How do we promote British Values?

What are ‘British values’? The Government has asked all schools to ensure students understand British values. All have a duty to ‘actively promote’ the fundamental British values of democracy, the rule of law, individual liberty, and mutual respect and tolerance of those with different faiths and beliefs.

Here’s how we do this at Holbrook Academy

Democracy

Pupil voice is at the centre of Academy life. We have a large team of Student Ambassadors, who are enthusiasts for their subjects. We have an elected School Council. We have a large team of Year 11 Prefects and Senior Prefects and of course, our Head Boy and Head Girl. For younger children, we ask older children to act as pastoral ‘Aunts and Uncles’ and mentors to help them in their early years at school – all these roles are embedded in the everyday running of the Academy. These students are active and thoughtful in their roles in Academy improvement and have regular meetings to discuss future plans. For example, the Philosophy, Religion and Ethics ambassadors’ team have organised a PRE afternoon visit from the Ipswich Buddhist Centre and held whole school assemblies.

Throughout the year, students are asked directly for their feedback on different aspects of their school life. This allows the students to express their views effectively and demonstrate the impact of a real platform for expression. All have the right to vote during the election process for new Head Boy and Head Girl each year. We also hold regular debates, mock elections and votes on issues they select. Our students also choose which charities they’d like to support and decide how to run their own fundraising events.

The Rule of Law

Our students will encounter rules and laws throughout their entire lives. We want our students to understand that whether these laws govern the class, the school, the neighbourhood or the country, they are set for good reasons and must be adhered to.

This understanding of the importance of rules is consistently reinforced through assemblies and our curriculum. The involvement of our students in the creation of the school rules helps them to understand the reasons behind the rules and the consequences if they are broken. Through the Philosophy, Religion and Ethics lessons, students debate and discuss the reasons for laws so that they can recognise the importance of these for their own protection. Throughout the year we welcome visits from members of the wider community including Police, the Fire Service and many more. We also have a very successful record in the regional Mock Trials with students from all age groups forming a formidable legal team.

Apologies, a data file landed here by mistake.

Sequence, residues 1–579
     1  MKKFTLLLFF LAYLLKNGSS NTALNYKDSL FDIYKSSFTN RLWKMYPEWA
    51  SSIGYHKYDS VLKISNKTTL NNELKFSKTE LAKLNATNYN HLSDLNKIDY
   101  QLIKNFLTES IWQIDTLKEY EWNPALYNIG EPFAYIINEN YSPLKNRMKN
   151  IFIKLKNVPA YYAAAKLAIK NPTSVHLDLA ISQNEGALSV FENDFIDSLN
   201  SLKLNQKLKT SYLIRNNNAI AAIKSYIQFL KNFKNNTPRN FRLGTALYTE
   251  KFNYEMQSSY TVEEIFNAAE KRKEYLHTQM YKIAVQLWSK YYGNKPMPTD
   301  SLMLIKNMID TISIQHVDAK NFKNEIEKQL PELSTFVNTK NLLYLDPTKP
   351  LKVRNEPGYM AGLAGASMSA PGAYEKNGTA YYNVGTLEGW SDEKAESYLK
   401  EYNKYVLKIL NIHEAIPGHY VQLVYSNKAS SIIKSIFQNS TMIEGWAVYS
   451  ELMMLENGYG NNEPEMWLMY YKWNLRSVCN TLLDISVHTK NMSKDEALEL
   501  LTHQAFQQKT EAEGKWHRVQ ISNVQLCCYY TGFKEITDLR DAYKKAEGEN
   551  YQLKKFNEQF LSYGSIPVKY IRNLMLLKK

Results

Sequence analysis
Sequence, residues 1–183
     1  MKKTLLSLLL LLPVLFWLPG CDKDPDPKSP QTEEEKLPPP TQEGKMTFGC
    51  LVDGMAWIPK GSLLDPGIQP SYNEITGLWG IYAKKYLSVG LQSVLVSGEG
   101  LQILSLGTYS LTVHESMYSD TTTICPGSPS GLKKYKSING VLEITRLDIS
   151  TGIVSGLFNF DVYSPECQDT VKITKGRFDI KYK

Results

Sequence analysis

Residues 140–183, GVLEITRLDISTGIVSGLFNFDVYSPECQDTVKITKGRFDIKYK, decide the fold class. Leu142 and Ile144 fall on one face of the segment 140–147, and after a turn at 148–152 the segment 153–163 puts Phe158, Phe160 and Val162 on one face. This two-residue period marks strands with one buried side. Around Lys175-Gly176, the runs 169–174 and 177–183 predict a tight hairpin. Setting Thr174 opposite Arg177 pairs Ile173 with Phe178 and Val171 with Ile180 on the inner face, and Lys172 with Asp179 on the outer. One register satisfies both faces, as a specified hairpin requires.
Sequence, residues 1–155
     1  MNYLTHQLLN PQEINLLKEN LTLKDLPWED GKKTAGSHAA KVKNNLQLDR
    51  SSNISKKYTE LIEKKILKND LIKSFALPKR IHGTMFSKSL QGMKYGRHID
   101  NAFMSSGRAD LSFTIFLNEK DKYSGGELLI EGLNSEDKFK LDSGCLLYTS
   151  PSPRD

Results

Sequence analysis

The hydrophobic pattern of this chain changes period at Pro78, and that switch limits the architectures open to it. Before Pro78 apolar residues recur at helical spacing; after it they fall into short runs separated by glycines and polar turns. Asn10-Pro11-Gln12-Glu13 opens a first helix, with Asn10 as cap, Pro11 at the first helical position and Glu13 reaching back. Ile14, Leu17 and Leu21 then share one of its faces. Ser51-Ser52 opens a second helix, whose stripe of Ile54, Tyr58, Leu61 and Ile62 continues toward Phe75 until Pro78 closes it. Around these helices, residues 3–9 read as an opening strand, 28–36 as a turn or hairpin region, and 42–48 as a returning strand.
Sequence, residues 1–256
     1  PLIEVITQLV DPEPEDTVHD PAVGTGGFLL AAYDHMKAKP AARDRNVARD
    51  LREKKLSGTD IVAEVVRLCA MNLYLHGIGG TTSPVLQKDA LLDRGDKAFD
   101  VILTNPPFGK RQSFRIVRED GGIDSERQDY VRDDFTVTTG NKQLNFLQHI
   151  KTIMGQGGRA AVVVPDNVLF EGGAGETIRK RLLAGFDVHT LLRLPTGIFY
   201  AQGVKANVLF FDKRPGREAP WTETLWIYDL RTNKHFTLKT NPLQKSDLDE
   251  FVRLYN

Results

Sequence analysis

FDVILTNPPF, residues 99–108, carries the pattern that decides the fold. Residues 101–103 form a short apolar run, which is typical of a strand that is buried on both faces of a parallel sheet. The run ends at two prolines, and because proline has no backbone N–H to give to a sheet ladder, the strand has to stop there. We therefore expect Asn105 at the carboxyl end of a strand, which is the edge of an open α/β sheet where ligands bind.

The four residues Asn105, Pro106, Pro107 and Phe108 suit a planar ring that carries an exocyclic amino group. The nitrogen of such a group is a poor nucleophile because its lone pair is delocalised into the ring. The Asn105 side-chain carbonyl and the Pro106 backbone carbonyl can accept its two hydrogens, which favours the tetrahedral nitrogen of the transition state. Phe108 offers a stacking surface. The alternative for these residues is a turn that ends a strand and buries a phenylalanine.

Individual Liberty

We invest a great deal of time in creating a positive culture in our school, so that children are in a safe environment where choices and freedoms are encouraged. In lessons, student choice is key to motivation and learning tasks are often left for the child to decide upon. Our enrichment offer is extensive, allowing students freely to choose to pursue particular areas of interest within their curriculum time. Furthermore, this removes the barrier for students that do not have transport to attend after-school activities; this particularly affects students that are eligible for the Pupil Premium.

Mutual respect

Our rules, expectations and daily interactions are built upon mutual respect. Our thorough transition process helps create a shared ethos with our feeder primary schools and key sporting events allow our students to embody respect. We are extremely proud of our students in leadership roles also. A School Games organiser said that they were ‘a credit to the school’.

Tolerance of those of different faiths and beliefs

At the Academy, we offer a culturally rich and diverse curriculum in which all major religions are studied and respected in Philosophy, Religion and Ethics and PSHEE. We strongly believe that tolerance is gained through knowledge and understanding. The area that we serve is not particularly diverse, which can sometimes create a barrier to understanding those that have a different heritage to that of our own. We try to provide opportunities for the students to have first-hand experience of people different to themselves. For example, we had the pleasure of hosting the Destiny Africa Choir, made up of young children from the Kampala Children Centre in Uganda. A local newspaper reported the story,

“Children from a Ugandan orphanage won the hearts of students, parents and staff on a two-day visit to Holbrook Academy. The 10-18 year old members of the Destiny Africa Choir stayed with local families and gave two spectacular song and dance performances at the Academy. They also joined in with sporting activities and led an assembly describing life in Kampala.

Frank Anstee-Parry, the Academy’s Head of Religious Education and organiser of the visit, said: “The children played together, ate together and learned together. It was inspiring.”

Our Headteacher, Dr Letman, said: “This was a hugely successful visit. The positive outlook on life held by these young people is truly inspirational. We are developing a strong connection with the Kampala Children’s Centre. We have already raised a considerable sum to support their projects and students now intend to do even more.”

These unique opportunities give our students a wonderful opportunity to learn about other ways of life but also reflect on their own.